BALTIMORE (WJZ)– Maryland drivers prepare to feel some pain at the pump. In the aftermath of Hurricane Harvey, more than a dozen oil refineries have slammed the doors shut. Meaning less gas nationwide.
If you’ve filled up this week, you know gas price are holding steady for now, but oil experts say the numbers could spike.READ MORE: SEE IT: Good Samaritan Recalls Moment He Jumped Into Bay To Rescue Toddler After Ocean City Crash
Just as Marylanders start to travel for the holiday weekend, the devastating surge of water slammed into Texas. The flow of Gulf Coast gasoline trickled.
The aftermath of Hurricane Harvey shut down the Port of Houston, closing thirteen oil refineries, including the second largest in the U.S. In turn erasing one-fifth of the country’s refining capability.
Energy giants across the coutry are simply running on empty.
“Refineries have no oil left to refine. They need ships to come into their port with crude oil, so they can refine that oil into gasoline,” said Patrick Dehaan of GasBuddy.
Dehaan says for Maryland drivers, that means less gas that will cost more money.
Residents should expect gas to rise 15 to 25 cents a gallon nationwide. So far, Marylanders have only seen a four cent spike.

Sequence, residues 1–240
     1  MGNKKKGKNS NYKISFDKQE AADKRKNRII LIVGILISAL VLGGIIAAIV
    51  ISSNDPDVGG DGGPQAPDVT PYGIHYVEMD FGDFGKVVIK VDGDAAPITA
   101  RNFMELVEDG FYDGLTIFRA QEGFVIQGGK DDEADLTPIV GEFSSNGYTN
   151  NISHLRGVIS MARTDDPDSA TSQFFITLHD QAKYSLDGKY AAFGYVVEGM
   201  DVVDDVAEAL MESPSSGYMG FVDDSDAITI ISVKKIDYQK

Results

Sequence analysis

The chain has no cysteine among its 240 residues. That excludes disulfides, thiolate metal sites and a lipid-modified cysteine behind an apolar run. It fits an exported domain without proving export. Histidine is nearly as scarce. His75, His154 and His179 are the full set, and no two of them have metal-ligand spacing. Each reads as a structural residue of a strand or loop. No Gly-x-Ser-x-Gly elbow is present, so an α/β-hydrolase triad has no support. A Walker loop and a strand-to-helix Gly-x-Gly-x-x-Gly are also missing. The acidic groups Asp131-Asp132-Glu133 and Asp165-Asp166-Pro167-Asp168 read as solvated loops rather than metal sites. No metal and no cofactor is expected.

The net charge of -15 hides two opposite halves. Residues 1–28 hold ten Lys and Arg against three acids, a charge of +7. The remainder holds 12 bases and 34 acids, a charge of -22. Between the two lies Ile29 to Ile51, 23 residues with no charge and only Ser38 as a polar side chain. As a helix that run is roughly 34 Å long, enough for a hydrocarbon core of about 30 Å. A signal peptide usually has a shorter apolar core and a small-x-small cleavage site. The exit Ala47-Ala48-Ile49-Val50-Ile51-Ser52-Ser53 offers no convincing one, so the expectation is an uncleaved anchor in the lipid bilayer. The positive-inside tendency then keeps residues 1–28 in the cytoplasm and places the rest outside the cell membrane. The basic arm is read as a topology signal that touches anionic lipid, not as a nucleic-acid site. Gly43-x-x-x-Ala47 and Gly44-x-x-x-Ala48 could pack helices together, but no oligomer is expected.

Driver Karen Batterton is watching closely as the numbers ticks up.READ MORE: Baltimore Mayor Announces Pilot Program To Direct Some 911 Calls To Mental Health Professionals
“Could see the difference between yesterday and today,” Batterton said.
For Batterton, keeping in business means keeping on the road. She fills up twice a week.
“It will affect my business when I get back, because I’m a realtor, and I’m in my car all the time,” she said.
Americans have paid a higher price tag before in the wake of Hurricane Katrina. After the storm gas prices soared 46 cents.
“The domino effect has been quick. it has been severe, and some areas of the country could be looking at real shortages of gasoline,” Dehaan said.
Maryland is expected to see less of a hike compared to areas of the Midwest which rely heavily on Gulf Coast oil.
The refineries that shut down because of flooding haven’t reported major damage. Some are reportedly trying to get back to business.MORE NEWS: Unemployed Workers Rally, Demanding To Know When They Will Get Their Money